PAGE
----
6 steps to heal stressed skin, inside and out
You may spend a fortune on skin creams, carefully massage oils into your face, and take vitamins to keep your complexion clear. But there’s another cornerstone of skincare you may not even be aware of – and that’s emotional wellbeing. ‘Emotional stress can be involved in lots of skin conditions, including acne, psoriasis, eczema and rosacea,’ says psychodermatologist Dr Anthony Bewley. ‘We know it can trigger a condition in the first place, and is also linked to flare-ups, plus stress slows skin healing, making it harder for your skin to recover from any outbreak.’
Very unfairly, the stress-skin cycle is a vicious one. ‘Lots of people find having a skin condition can affect their self-esteem,’ says psychologist Emma Kenny. And if you’re distressed by the way your skin looks, your stress levels will remain high. ‘That prevents full healing and maintains the condition,’ says Bewley. But luckily there are some simple steps you can take to feel less stressed and look after your skin from the inside-out. Try Bewley’s and Kenny’s top tips for beautiful skin:
1 Take time to relax
‘I recommend my patients try techniques like mindfulness meditation and yoga,’ says Bewley. ‘But it’s important to find whatever works for you.’ That could mean walking in nature and even birdwatching. Kenny cautions against assuming quiet time on your own is what you need to unwind. ‘If you’re an extrovert, you may be better off spending time with friends,’ she says.
Read more: Try this 8-step happy yoga routine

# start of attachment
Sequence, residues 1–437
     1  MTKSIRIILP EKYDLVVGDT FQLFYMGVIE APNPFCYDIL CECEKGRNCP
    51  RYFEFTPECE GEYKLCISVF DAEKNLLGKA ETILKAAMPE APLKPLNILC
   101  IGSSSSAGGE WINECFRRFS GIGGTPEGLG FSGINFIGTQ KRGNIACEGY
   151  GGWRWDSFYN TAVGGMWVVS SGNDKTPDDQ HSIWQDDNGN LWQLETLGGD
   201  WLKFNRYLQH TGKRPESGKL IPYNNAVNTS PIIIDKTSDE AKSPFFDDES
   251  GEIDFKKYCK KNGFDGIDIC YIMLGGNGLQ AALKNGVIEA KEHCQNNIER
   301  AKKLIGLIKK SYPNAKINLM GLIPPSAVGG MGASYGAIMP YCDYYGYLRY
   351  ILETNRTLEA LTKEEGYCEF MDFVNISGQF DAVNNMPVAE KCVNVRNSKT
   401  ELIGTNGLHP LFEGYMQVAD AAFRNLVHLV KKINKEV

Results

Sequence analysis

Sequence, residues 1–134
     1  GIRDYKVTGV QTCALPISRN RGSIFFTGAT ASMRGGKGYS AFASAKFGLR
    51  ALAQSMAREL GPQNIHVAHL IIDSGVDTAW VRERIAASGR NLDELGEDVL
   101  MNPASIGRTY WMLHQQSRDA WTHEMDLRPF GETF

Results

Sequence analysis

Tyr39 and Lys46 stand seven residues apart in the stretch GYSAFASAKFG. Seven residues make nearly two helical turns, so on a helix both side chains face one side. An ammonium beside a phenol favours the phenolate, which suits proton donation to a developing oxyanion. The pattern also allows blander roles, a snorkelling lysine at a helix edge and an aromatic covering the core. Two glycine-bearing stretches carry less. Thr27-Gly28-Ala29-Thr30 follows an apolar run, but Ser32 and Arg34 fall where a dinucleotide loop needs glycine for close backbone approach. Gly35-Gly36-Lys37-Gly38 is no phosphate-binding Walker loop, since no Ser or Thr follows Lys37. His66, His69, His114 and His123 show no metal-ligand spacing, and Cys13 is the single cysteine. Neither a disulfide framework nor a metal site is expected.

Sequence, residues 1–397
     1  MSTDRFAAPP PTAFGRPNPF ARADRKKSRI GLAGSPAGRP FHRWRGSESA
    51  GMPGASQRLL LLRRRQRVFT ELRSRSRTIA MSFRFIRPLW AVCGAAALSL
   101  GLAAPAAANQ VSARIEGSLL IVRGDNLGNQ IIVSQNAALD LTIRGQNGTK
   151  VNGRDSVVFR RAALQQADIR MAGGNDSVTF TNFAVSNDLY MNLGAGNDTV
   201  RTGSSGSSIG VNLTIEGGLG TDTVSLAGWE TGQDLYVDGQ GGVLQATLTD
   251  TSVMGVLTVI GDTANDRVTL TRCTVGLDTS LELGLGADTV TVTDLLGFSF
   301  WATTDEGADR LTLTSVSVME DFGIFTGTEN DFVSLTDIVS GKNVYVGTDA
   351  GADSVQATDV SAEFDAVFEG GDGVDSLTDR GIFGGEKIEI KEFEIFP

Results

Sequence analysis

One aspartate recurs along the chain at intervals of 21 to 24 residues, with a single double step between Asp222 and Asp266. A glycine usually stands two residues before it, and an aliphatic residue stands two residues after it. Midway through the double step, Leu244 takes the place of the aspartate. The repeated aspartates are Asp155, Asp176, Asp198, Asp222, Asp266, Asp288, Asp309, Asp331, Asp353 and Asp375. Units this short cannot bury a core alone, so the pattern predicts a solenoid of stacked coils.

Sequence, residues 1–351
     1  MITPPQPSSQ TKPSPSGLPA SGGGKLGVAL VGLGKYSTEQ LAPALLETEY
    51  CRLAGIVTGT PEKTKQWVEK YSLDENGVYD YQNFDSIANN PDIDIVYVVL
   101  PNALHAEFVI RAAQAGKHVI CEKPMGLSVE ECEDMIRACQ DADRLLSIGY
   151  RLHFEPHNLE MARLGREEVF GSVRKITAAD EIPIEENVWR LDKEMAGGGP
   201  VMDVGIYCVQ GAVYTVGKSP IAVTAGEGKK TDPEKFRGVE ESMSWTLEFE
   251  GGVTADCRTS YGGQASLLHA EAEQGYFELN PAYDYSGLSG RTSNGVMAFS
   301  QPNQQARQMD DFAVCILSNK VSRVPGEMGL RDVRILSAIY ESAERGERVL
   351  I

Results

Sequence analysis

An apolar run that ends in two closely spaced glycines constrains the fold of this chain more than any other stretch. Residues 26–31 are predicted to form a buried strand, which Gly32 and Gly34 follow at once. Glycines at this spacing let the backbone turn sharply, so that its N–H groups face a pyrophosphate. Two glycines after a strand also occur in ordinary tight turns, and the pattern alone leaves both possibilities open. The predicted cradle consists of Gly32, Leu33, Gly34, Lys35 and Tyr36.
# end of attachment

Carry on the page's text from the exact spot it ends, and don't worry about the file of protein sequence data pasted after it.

2 Sleep right
‘This is a priority to help you manage stress,’ says Bewley. Try to have a regular routine, going to bed and getting up at the same times each day, and take half an hour to unwind before bed, with a cup of herbal tea and a warm bath with some relaxing essential oils. See your GP if you’re not sleeping well.’
3 Take action to sort your skin
‘There’s a lot your GP can do, so don’t assume they won’t be able to help,’ says Bewley. ‘People with skin conditions sometimes avoid going for help because they think it’s a minor problem, or that it can’t be helped. But if it’s affecting your quality of life, mental health and relationships, you deserve to get some treatment.’ Sometimes, simply starting to seek help can make you feel more in control, which can lower stress levels. Your doctor can prescribe anti-inflammatory creams to help to protect the skin’s barrier function, and you may need other treatments – such as antibiotics for acne. Your GP can also refer you to a dermatologist if you need that level of care.
4 Get in balance
A generally healthy lifestyle will support skin health and help you stay on top of stress. Avoid too much caffeine, which can make you jittery – try calming herbal teas instead. Alcohol, smoking and refined sugar can all promote inflammation, says Bewley. ‘Aim for a balanced diet with plenty of fruit and vegetables,’ he advises. ‘There’s some evidence evening primrose oil and antioxidant vitamins may help your skin by soothing inflammation, so you could try these.’
5 Move it!
One of the best tips for dealing with stress? Exercise. ‘It can lower levels of stress hormones in your body and boost your mood,’ says Kenny. ‘Try to find something you enjoy, so it won’t seem like hard work, and you’ll get into a routine.’ That could mean dancing, Pilates or running. Being active can also boost circulation to your skin, adds Bewley.
Read more: 6 stress-busting Pilates moves
6 Develop a new skin relationship
It’s easy to feel frustrated with your skin when you get spots or rashes. But it may be helpful to try to see your skin condition as your body’s way of telling you something’s out of kilter in your life. ‘You notice your skin far more than other people,’ says Kenny, who recommends trying to focus on the things about your appearance you like, such as your eyes. Write a list so you can look at it whenever you’re feeling low.
Read more: 7 life-improving confidence tips